Urban snoozes in Hanoi

By Pham Van   July 24, 2016 | 10:00 pm PT
Hanoi's poorest shelter in the shadow of the rapidly expanding city.

In Vietnam, taking a quick nap at work has become an entrenched habit. Countless studies have proven the indisputable benefit of a quick nap during the day. Many companies have incorporated the post-lunch nap into their work flow. But how about those without a proper workplace?

As the cities move upwards with skytrains and overpasses, vast shady areas present welcome respite from the sun. As they move downwards with subways and underpasses, there are even more spaces to escape the baking heat.

In a country like Vietnam, those without a proper workplace make up a large part of the workforce, so they make use of these covered spaces to avoid the heat of the most unproductive period of the day, noon.


A cool and windy road divider beneath the elevated Ring Road 3 in Hanoi is the place to take forty winks for many workers.


From 11:30 a.m., scores of people line the two-kilometer-long divider for a nap, while it’s 37 degrees Celsius out in the sun.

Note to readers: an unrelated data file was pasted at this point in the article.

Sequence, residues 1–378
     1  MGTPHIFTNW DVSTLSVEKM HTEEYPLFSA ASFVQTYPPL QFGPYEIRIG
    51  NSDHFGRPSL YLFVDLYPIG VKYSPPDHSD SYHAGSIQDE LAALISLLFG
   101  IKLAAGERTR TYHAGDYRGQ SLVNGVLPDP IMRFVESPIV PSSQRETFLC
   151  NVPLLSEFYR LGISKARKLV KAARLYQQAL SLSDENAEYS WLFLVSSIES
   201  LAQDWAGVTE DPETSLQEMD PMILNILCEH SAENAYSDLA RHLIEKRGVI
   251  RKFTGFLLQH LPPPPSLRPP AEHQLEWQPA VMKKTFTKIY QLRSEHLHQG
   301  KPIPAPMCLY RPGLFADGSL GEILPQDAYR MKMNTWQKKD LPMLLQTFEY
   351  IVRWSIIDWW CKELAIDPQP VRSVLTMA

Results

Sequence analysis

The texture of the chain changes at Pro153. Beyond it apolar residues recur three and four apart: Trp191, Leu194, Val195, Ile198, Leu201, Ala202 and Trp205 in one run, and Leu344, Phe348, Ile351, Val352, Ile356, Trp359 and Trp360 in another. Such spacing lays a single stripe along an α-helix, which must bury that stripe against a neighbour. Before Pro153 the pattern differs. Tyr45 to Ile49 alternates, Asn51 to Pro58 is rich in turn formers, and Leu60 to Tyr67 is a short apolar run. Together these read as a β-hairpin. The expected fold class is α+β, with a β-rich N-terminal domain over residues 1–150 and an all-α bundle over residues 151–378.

Most of them are from other provinces and work as motorbike taxi drivers and street vendors.


The space beneath the road is well ventilated, offering protection for workers and their vehicles around noon.


“It’s hot at home and there is no one to look after my daughter too, so I let her take a nap here,” said Hoai, a street vendor, pointing to the makeshift bed of plastic stools on which her child is sleeping.


Cardboard, mats and old posters are all deployed.


“Every day, I pull over for a nap, sometimes here, sometimes there. It’s even cooler than my home sleeping here,” said Hung, a tuk-tuk driver.


A hammock slung along an iron fence beneath an overpass.


A passenger waiting for her coach sleeps under the shade of a tree. A prevailing image in Vietnam, where millions of workers and students from other provinces flock to big cities like Hanoi to work and study at universities during the week and return home at weekends.


Pedestrian foot tunnels have become a place to rest for many street vendors and workers.

Photos by VnExpress/Ngoc Thanh

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